When High School Seniours Actually Have Love Lives (I Wish It Were Me But At Least I Can Read A Well-Written One)

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"What's the opposite of an affair?"
I have never pondered the answer to that question until reading a snippet of These Deadly Prophecies and now I am miserably ensconced in a state of confusion. What, indeed, is the opposite of an affair, because while Andrea Tang painted a vivid picture of it would be like, she did not - or rather, Callum did not - directly answer the question.
But while I ponder, I also am overtaken with a very strong desire to meet Callum Solomon, because my love life is dead and he, in all his eighteen-year-old, baby-fat and Ivy League-destined glory (characteristics directly taken from the book) seems an excellent candidate. Since I cannot, and because he would probably never even look at me, I can only sigh over his chemistry with Tabatha, which was surprisingly sweet. Their banter, the way he drops his mask around her, the way she is openly jealous of the way he's been on honour roll since freshman year, and the fact that they are both juniour sorcerers in a fantasy/modern mash of a setting works well the way grapes and cheese would - totally unexpected, but wonderful nevertheless. With healthy doses of humour dropped into their conversations and a side of legendary crab cakes that I would want to eat if I weren't vegetarian, Andrea Tang has me hooked to her new book.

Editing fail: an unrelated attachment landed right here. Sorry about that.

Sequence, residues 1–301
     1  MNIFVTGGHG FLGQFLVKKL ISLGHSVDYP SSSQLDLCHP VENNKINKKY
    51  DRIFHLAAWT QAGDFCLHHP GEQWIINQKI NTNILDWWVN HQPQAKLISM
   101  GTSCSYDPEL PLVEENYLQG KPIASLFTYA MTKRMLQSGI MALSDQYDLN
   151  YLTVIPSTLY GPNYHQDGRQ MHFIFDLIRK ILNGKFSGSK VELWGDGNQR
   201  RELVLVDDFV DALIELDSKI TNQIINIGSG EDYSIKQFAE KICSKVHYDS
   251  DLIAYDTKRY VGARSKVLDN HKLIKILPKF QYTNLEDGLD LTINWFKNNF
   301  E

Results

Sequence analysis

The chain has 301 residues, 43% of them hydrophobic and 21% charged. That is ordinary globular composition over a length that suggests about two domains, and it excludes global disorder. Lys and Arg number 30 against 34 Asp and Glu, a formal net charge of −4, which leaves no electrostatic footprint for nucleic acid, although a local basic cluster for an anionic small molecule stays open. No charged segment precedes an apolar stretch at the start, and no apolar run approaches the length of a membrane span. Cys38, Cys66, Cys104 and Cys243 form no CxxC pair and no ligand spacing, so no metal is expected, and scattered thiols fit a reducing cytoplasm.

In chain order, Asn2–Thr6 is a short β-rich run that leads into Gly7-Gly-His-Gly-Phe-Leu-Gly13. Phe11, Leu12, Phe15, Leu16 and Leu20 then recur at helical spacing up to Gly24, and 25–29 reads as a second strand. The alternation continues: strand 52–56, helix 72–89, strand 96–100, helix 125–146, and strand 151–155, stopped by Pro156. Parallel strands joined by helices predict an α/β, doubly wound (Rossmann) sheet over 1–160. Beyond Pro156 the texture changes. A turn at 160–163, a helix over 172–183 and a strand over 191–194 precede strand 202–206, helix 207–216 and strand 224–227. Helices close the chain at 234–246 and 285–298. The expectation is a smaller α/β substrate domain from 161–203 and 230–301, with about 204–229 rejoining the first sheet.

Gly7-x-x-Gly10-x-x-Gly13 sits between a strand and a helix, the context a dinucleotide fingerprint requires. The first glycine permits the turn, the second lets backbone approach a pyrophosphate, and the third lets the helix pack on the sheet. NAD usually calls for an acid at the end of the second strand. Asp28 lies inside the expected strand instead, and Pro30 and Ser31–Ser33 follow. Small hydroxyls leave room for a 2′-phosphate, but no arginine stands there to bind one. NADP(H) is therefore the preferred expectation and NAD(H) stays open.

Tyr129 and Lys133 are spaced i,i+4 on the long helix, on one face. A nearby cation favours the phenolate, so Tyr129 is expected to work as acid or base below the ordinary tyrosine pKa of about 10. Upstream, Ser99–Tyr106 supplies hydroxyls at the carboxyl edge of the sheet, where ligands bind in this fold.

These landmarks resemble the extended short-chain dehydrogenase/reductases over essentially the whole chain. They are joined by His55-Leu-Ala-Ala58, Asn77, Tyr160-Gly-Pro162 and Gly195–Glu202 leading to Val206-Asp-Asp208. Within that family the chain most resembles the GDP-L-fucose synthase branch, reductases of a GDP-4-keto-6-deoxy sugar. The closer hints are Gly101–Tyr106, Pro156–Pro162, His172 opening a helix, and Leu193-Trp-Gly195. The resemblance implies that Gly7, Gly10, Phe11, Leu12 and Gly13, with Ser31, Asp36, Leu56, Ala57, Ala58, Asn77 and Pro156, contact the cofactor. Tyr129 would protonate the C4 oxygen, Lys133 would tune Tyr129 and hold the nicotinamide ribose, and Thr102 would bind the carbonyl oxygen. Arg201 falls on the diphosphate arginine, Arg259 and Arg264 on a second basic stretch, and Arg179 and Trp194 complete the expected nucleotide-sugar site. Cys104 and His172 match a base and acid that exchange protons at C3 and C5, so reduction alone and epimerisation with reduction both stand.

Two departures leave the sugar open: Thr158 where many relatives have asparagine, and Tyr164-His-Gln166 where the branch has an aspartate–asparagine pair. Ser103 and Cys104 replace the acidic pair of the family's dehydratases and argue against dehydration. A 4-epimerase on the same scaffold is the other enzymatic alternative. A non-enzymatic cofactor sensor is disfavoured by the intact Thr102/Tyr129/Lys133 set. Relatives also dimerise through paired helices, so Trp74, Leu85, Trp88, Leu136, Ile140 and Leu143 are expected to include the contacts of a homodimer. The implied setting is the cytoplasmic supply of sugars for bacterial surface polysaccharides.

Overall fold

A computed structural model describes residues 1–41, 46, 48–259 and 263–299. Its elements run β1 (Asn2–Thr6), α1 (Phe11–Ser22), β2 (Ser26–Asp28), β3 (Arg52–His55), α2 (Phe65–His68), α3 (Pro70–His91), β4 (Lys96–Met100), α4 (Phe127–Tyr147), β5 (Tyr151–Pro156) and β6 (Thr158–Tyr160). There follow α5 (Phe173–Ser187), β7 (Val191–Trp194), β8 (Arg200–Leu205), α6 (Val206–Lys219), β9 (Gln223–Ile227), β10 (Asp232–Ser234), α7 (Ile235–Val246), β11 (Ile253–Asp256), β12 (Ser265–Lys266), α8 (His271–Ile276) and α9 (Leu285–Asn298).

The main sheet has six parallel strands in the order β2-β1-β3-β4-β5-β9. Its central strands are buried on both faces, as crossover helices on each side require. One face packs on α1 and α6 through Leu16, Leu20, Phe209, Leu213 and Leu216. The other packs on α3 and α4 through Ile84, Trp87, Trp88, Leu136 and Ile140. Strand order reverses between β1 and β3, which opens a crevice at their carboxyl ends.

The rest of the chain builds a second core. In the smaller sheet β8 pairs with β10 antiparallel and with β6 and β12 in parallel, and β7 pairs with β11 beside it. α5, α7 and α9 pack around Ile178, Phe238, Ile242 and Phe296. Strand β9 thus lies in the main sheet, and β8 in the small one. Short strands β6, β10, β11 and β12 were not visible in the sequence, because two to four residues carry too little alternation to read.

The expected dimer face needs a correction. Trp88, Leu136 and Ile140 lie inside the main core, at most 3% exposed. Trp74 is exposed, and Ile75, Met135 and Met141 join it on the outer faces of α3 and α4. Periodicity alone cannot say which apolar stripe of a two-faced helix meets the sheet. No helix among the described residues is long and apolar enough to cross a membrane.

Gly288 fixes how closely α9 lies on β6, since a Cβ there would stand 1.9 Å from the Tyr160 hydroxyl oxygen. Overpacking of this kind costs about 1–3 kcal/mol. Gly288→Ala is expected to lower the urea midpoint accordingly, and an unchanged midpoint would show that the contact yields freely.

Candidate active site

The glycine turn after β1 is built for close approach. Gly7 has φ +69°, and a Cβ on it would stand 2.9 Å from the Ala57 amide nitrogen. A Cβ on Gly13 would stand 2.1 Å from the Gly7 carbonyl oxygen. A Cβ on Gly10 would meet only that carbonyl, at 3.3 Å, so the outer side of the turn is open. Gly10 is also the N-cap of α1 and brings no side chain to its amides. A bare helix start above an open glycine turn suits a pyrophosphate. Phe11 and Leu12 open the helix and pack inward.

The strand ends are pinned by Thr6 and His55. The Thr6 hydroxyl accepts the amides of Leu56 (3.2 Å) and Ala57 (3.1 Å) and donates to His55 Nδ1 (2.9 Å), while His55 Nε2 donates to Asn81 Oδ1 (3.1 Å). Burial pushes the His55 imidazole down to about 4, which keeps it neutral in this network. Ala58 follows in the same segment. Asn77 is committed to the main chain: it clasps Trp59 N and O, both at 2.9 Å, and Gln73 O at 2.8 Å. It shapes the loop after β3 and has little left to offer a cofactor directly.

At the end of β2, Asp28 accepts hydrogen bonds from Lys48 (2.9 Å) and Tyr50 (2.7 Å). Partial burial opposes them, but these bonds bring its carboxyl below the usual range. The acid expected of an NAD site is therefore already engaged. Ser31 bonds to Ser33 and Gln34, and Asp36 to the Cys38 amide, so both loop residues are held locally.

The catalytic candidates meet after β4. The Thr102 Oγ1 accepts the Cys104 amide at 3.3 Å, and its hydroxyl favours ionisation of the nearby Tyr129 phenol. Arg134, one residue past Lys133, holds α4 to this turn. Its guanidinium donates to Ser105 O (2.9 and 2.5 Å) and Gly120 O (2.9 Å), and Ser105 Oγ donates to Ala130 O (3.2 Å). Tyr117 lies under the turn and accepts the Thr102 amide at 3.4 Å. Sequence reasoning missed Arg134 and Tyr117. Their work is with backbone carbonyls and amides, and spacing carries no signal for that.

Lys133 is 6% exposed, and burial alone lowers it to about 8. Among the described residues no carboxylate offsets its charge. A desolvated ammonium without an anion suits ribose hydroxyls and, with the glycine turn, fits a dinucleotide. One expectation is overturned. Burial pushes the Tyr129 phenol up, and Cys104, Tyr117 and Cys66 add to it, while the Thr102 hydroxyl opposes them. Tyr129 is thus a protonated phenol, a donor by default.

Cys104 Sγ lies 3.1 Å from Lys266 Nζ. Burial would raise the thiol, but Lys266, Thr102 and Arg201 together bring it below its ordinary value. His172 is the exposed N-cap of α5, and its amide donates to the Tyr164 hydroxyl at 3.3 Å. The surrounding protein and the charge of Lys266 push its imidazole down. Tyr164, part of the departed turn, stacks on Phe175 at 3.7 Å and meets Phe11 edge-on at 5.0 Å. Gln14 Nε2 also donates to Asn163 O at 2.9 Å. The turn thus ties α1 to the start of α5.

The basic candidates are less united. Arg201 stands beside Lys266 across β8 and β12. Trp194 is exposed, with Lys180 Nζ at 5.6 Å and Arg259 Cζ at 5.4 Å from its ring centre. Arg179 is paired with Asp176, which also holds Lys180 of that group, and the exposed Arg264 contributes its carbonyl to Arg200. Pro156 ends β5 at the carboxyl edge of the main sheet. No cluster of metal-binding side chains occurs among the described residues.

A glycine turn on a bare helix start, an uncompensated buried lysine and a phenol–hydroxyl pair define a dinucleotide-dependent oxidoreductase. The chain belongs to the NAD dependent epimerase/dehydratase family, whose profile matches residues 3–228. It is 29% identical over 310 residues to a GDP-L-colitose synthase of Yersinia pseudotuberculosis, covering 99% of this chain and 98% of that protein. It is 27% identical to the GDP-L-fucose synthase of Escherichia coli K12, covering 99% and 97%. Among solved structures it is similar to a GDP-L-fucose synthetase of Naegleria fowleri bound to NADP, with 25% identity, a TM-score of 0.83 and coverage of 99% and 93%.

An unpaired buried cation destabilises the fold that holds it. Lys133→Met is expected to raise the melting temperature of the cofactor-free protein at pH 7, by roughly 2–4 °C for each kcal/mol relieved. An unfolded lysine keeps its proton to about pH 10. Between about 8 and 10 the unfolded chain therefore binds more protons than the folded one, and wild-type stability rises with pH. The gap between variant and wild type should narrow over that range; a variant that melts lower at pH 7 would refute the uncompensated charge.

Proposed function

As a current high school seniour and a Chinese-American one at that, I also felt many parallels in my own life with Tabatha's, which occurs so rarely in literature that this book made me weep for joy. Almost. A non-STEM child with ancestors from the Middle Kingdom? Yes, please, I will read anything published on this character and praise them to the high heavens, and the fact that Tabatha is an actually likable and believable character is only the cherry on top.